New research has found marine seismic surveys used in oil and gas exploration are not impacting the abundance or behaviour of commercially valuable fishes in the tropical shelf environment in north-western Australia.
Led by Université de Montréal, an international team of anthropologists, geographers and earth scientists looks to the past to assess how different cultures have - and will - adapt to global warming.
A new approach to analyse satellite measurements of Earth's cloud cover reveals that clouds are very likely to enhance global heating.
By uprooting carbon trapped in soil, wild pigs are releasing around 4.9 million metric tonnes of carbon dioxide annually across the globe, the equivalent of 1.1 million cars.
The climate crisis will lead to changes in distribution and habitat loss of stony corals in the tropical Atlantic, shows a new study published by the open access publisher Frontiers. The loss of such coral species could have devastating consequences for the marine ecosystems they inhabit. The results of the study highlight an urgent need for coral reef management in the Atlantic.
Tokyo, Japan - Researchers from Tokyo Metropolitan University have analyzed long-term precipitation radar data from satellites and found significantly enhanced rainfall over the most recent decade during the annual Meiyu-Baiu rainy season in East Asia. The data spans 23 years and gives unprecedented insight into how rainfall patterns have changed. They showed that the increased rainfall was driven by the decadal increased transport of moisture from the tropics and frequent occurrence of the upper tropospheric trough over the front.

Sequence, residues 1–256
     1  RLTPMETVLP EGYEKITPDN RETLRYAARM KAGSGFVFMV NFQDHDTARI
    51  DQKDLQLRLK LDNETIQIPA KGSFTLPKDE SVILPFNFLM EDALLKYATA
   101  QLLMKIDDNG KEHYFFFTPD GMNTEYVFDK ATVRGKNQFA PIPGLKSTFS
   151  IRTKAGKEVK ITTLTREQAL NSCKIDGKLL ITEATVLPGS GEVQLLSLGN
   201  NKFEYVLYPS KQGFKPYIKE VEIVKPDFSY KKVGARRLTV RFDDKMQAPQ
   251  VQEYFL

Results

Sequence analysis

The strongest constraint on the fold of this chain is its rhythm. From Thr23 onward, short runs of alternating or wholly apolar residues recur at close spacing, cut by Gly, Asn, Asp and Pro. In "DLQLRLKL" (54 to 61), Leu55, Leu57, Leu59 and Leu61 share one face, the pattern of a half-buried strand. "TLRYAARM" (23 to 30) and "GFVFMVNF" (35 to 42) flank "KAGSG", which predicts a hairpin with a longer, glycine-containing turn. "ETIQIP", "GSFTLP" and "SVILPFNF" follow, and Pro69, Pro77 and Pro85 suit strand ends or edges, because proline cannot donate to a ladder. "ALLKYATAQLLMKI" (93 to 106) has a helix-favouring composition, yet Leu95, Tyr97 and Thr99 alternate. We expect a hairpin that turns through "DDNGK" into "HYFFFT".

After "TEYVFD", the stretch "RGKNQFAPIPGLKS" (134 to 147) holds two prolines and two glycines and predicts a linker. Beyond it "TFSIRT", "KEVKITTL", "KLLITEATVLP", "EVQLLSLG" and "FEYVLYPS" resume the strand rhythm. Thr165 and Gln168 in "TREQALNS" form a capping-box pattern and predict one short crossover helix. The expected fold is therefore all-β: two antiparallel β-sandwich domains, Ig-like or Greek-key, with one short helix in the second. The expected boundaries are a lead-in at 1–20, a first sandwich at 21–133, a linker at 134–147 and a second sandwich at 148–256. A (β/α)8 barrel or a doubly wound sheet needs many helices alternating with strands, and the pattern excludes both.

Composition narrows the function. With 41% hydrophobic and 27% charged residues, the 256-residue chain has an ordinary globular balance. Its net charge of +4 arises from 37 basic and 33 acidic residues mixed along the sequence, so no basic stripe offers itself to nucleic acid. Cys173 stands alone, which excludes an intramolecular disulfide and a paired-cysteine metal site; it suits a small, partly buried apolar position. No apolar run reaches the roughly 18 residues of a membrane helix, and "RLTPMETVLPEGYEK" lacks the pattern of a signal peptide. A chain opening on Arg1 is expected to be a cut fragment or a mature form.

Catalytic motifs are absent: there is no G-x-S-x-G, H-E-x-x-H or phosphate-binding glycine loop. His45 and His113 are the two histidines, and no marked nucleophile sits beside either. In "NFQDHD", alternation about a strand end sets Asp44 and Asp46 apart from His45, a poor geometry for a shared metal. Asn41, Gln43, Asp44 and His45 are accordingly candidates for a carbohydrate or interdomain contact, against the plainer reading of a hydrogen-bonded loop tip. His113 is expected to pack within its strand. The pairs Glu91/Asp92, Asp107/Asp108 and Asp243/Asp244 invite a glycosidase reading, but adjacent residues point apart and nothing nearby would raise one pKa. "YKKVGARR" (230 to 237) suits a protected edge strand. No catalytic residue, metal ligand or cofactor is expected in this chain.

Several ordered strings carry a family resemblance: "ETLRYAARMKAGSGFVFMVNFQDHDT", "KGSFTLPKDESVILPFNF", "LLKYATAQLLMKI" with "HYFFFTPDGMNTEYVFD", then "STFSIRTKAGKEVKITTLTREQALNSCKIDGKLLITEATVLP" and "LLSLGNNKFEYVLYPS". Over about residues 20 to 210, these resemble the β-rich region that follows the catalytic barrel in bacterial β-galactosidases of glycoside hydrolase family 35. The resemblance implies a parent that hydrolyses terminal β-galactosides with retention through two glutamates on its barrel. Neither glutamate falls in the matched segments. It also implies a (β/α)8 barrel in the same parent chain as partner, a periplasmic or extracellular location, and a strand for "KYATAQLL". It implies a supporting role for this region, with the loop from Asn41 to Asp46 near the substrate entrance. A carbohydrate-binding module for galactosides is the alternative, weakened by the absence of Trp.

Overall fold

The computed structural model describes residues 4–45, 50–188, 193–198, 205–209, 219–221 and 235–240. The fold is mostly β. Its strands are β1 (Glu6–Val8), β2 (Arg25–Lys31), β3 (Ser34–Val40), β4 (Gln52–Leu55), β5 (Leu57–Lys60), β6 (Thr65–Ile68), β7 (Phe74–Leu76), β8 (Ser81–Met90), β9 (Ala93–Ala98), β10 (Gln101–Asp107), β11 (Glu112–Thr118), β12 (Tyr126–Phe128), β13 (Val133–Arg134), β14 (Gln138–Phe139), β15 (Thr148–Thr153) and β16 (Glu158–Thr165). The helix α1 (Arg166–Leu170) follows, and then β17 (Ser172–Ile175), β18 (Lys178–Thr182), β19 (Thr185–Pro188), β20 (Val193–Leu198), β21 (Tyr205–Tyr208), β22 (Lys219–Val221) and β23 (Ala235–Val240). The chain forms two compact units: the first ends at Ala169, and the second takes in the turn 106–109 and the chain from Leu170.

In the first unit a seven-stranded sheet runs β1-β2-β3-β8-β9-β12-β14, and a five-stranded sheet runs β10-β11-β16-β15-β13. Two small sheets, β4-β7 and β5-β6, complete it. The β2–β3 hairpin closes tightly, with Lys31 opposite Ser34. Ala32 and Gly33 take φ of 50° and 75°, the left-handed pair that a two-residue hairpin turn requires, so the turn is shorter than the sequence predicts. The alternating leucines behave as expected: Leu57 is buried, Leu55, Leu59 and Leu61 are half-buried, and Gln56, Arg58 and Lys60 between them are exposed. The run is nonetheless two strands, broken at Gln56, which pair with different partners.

The hydrothermal vent fluids from the Gorda Ridge spreading center in the northeast Pacific Ocean create a biological hub of activity in the deep sea. There, in the dark ocean, a unique food web thrives not on photosynthesis but rather on chemical energy from the venting fluids. Among the creatures having a field day feasting at the Gorda Ridge vents is a diverse assortment of microbial eukaryotes, or protists, that graze on chemosynthetic bacteria and archaea.
While tropical forests remain threatened and their future is uncertain, the importance of understanding how well individual protected areas avoid deforestation increases. Researchers from the University of Turku and University of Helsinki, Finland, have investigated this question in a newly published study that focuses on the State of Acre in Brazilian Amazonia.
A new study from WCS and WWF reveals that nearly 20 percent of tropical Intact Forest Landscapes (IFLs) overlap with concessions for extractive industries such as mining, oil and gas.
Contrary to popular belief, early bacterial evolution is not driven by random-point mutations.